Meanwhile, the jailers permit a priest speak to Montero, but the priest really isn't a priest. The six-gun toting Stranger (George Hilton of "The Ruthless Four") masquerades as a man of the cloth and has a conversation with the bandit chieftain. Later, he rescues Montero from a firing squad. Unfortunately, before Montero is rescued, Clayton (Edd Byrnes of TV's "77 Sunset Strip") takes the medallion away from Montero and keeps it for himself. Clayton is the bank representative that was sent to safeguard the gold. He is horrified that the Captain wants to shoot Montero. Clayton's career at the bank hinges on his ability to recover the gold. The Stranger stages a fire at the fort to distract the firing squad, and Montero takes the Captain as hostage and tries to escape, but the Stranger shoots him off the horse. Before the authorities can verify that Montero is dead, the Stranger claims the body for the handsome reward he will receive and he rides out with the Captain's gracious thanks. No sooner have they left the fort than Montero's men show up to rescue him from the Stranger. From this point on, the Stranger, Montero, and Clayton forge short-lived alliances among each other as they search for the gold. Castellari and scenarist Tito Carpi, who has penned a number of spaghetti westerns such as "A Few Dollars For Django" and another Castellari oater "Seven Winchesters for a Massacre," rely on clever humor and surprise reversals to keep the action fresh and fast-paced. One cool scene has Clayton seated at a table about to eat his meal when he hears some suspicious sounds from behind him. Clayton pours his drink on the table and sees the gunmen behind him with holstered six-guns.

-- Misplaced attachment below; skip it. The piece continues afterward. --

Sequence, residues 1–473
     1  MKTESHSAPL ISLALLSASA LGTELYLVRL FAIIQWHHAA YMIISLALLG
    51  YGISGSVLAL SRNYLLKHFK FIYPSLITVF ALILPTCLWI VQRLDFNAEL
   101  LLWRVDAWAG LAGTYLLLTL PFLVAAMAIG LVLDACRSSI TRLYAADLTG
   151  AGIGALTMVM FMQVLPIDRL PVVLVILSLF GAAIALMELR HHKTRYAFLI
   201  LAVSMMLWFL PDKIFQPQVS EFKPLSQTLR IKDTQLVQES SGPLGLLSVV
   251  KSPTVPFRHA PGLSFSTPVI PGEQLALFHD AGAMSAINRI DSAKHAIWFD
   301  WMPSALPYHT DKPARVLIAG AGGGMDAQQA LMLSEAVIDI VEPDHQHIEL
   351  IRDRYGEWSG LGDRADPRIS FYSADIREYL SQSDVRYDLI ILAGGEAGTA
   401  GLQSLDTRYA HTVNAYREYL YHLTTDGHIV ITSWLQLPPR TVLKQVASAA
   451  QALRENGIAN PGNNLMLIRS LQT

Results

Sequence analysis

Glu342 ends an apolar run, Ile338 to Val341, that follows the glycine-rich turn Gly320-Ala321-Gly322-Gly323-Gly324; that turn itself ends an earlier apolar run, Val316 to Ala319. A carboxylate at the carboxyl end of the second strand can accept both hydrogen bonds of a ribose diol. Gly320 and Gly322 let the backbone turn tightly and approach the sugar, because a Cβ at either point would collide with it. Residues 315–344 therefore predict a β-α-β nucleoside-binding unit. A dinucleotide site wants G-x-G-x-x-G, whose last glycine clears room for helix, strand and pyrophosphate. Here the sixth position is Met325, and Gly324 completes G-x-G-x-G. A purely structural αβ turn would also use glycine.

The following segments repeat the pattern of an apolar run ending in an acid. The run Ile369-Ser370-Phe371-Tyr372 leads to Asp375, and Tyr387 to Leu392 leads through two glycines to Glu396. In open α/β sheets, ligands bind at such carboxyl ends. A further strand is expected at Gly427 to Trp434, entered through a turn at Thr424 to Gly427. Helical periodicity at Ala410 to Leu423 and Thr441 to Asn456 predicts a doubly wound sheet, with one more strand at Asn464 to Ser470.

"Any Gun Can Play" (*** out of ****) lives up to its title. In fact, many guns do play, and at least twenty or more corpses pile up before fade-out. This western isn't so much a parody as it is a knock-off of Sergio Leone's "The Good, the Bad, and the Ugly." Mind you, bad guys and good guys fall as frequently as ten-pins in a bowling alley, but their deaths aren't depicted in the brutal fashion of a Leone western. "Any Gun Can Play" doesn't take itself as seriously as the aforementioned Leone masterpiece. The three leads jockey back and forth for supremacy. Each has a piece of the puzzle that will lead them to the treasure, but they refuse to share their information until the shoot'em up finale. Lenser Giovanni Bergamini's colorful widescreen photography is spectacular, especially the opening shots of the train chuffing along railway tracks with distant mountain peaks rearing up dramatically in the background. Another great shot occurs when Montero tests the Stranger's imperturbable calm. This scene happens after the Stranger has rescued Montero and the Mexican's minions arrive to save their chieftain's bacon. Confiscating the Stranger's six-gun, Montero takes aim at the poncho-clad tough guy and empties the revolver, placing his well-aimed bullets harmlessly in and around the unflinching gunslinger. Bergamini, who photographed Castellari's World War II thriller "Inglorious Bastards," frames the scene with the Stranger in the background and his pistol in Montero's hand in the foreground for a pleasing, three-dimensional style shot. Meanwhile, Francesco De Masi's lively orchestral soundtrack is as memorable for its own idiosyncratic melodies as Ennio Morricone's soundtracks were for the Leone westerns. The opening song is reminiscent of a 1950's Hollywood western with its catchy lyrics and guitar riffs. Although it isn't a major spaghetti western, "Any Gun Can Play" is always entertaining nonsense with interesting plot twists and good performances, especially the indefatigable Gilbert Roland who was 62 years old at the time!